By “again,” Marx was referring not just to the album release, but to Votel’s upcoming  May 28 gig at Icehouse, the Eat Street venue that now has a role in the local music scene akin to that Nick & Eddie formerly had: a comfortable spot for local musicians to hang out late at night, enjoy each other’s company, and try new things.

The live performance is going to be “enhanced,” said Christopherson, “now that we’ve made a record. We know the songs a lot better, so we’ll be coming with these songs and then some flourishes on top.”

“It’s all been really organic,” said Morrison. “We never had a conversation about ‘What do we want to sound like?'”

“Or even,” added Marx, “‘What the hell are we doing?'”

“It’s fun, it’s emotional, it’s a lot of weird stuff,” said McGee. “You can hear the influences of all the other bands we’ve each been in. A lot of us are four or five bands deep.”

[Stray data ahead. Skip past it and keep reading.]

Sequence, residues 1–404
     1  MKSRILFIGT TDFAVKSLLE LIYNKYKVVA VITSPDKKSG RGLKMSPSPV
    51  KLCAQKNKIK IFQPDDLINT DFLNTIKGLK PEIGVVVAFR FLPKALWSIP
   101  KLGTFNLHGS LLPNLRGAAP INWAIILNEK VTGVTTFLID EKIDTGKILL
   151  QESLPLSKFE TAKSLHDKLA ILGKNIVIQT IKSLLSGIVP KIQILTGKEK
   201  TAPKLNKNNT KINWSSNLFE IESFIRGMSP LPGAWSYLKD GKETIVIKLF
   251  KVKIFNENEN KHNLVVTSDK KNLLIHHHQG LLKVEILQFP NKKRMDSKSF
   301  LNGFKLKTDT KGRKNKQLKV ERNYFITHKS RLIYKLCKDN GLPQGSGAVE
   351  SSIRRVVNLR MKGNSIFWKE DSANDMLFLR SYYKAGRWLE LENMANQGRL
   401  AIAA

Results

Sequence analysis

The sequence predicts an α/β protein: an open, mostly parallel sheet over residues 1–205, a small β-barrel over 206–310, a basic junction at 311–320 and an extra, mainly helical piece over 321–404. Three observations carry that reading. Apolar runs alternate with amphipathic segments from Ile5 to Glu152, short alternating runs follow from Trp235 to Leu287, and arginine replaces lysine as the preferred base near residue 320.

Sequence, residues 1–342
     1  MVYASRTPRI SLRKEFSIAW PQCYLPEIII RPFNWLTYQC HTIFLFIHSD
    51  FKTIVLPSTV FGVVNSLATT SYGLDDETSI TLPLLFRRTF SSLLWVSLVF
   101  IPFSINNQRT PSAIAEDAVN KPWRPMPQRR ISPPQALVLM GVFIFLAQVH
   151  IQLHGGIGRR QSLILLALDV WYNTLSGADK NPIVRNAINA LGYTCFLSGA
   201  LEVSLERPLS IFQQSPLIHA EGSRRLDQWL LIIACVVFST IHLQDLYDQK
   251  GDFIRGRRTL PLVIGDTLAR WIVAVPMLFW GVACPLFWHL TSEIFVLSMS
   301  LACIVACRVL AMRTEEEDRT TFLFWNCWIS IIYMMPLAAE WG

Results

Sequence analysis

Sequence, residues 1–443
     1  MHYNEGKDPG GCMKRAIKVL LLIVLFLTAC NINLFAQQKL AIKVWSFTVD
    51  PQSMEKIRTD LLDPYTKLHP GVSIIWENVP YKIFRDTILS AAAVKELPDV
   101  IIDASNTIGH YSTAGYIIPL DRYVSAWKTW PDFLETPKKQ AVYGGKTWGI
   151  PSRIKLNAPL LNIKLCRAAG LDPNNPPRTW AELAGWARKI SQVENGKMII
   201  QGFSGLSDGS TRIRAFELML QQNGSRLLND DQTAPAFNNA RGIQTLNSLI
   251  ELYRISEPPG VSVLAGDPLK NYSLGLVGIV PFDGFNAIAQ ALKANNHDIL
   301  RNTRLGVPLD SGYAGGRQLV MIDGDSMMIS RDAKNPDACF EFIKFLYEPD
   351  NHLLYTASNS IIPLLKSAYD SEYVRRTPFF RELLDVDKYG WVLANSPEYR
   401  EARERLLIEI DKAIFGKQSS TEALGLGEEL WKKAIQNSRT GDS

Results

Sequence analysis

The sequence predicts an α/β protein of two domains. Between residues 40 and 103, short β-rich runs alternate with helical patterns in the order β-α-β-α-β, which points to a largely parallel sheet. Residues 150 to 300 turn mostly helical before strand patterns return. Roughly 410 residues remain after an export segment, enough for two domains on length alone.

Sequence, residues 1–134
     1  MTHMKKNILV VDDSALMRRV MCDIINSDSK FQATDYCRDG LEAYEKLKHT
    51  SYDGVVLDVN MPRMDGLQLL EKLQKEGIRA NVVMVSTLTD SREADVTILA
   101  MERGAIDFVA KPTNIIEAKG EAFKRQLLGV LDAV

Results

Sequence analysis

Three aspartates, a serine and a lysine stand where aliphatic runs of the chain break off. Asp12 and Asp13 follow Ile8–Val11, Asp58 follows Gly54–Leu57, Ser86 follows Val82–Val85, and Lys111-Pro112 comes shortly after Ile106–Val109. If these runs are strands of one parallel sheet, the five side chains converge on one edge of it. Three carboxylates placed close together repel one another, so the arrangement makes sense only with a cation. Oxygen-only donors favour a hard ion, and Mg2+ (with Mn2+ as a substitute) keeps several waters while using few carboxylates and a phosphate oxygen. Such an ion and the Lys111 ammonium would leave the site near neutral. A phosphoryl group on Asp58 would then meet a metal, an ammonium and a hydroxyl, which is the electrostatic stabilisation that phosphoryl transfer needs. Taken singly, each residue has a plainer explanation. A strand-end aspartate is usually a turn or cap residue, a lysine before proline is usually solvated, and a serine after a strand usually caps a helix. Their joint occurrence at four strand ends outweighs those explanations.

“I call it a salad bowl,” said Christopherson.

“We’re all in open relationships with other musicians,” explained Morrison. “There’s no pressure; that’s why we’re so fun-loving about it. We’re all doing our own things, and Votel is just moving along. It’s just been the easiest relationship to have with anybody, whether as friends or musicians.”

Marx: “It’s a band without the arguments.”

Morrison: “We’re the exciting affair.”

McGee: “It’s like putting on masks and getting a little freaky in a hotel.”

Morrison: “In a Votel!”

“Everyone’s worked hard in other bands to pave the way for a situation like this,” said Marx, “where we can do what we want and have fun with it. Everyone’s worked very hard, but we’re having a good time. We’re not trying to pay our electric bills.”